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Cardioembolic stroke on unaffected side during thrombolysis for acute ischemic stroke  [cached]
Garg Arun,Yaduvanshi Amitabh,Mohindra Kapil
Neurology India , 2010,
Abstract: Cardiac thrombus is not an established contraindication to thrombolysis with intravenous tissue plasminogen activator in acute ischemic stroke. Recurrent ischemic stroke involving an initially unaffected arterial territory during the course of thrombolysis in stroke has been reported, but remains exceptionally rare. We present a case that developed cardioembolic stroke on the previously unaffected side during thrombolysis for acute ischemic stroke.
First experience with intravenous thrombolysis in ischemic stroke in Serbia  [PDF]
Jovanovi? Dejana,Besla?-Bumba?irevi? Ljiljana,Kosti? Vladimir
Srpski Arhiv za Celokupno Lekarstvo , 2007, DOI: 10.2298/sarh0712621j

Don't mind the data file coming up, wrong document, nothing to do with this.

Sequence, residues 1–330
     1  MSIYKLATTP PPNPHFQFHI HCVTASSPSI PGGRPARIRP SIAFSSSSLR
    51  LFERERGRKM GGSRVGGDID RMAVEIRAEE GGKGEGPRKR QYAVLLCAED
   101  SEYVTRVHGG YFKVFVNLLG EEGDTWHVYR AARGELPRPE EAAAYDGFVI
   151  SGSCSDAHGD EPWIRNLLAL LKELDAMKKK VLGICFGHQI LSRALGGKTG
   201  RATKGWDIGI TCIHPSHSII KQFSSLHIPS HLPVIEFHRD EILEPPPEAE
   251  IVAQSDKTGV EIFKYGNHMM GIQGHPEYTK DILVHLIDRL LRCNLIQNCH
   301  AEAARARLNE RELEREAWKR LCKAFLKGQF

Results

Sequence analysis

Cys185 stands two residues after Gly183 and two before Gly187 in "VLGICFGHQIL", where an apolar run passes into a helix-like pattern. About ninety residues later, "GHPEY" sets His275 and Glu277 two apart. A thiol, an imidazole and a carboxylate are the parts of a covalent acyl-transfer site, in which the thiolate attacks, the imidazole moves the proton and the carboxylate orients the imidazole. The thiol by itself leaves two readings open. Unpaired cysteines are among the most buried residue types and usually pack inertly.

Abstract: Introduction Systemic thrombolytic therapy in the first three hours of acute ischemic stroke (IS) significantly improves its outcome. This therapy was approved for treatment in USA in 1997, and in most European countries in 2002. First intravenous thrombolysis of IS in Serbia was carried out in February 2006. Objective We present our preliminary experience with intravenous thrombolysis in treating patients with acute IS and compare it with the results of other clinical studies. Method All patients with IS treated with intravenous thrombolysis in our department were included in the study. The time of stroke onset, first neurological exam, time of CT exam and beginning of therapy were recorded. The early CT signs of ischemia were graded by the ASPECTS score. Neurological deficit was assessed with NIHSS score and functional outcome with modified Rankin Scale (mRS). Results During the eight-month period intravenous thrombolysis was given to 12 patients with acute IS, aged 18 to 66 years, of whom 75% were younger than 55 years. Median time from symptom onset to hospital door was 57.5 minutes, median time door-to-CT was 32.5 minutes, and the time from symptom onset to treatment was 155 minutes. Early CT signs of ischemia were present in 10 patients with median ASPECTS score 9. Median initial NIHSS score was 16.5 with its decline during the first 24 hours for at least 5 points in 58% of patients. Symptomatic intracerebral haemorrhage was present in one patient. After 30 days of follow-up 42% of patients had favourable outcome (mRS≤1). In only 2 patients the outcome was poor (mRS 4-5). One patient died with signs of cardiac failure. Conclusion Despite a small number of patients with short time of follow up, these results with thrombolysis in acute IS were found to be consistent with other authors’ reports. Uniqueness of our series of patients who received thrombolysis as compared to other studies was their very young age.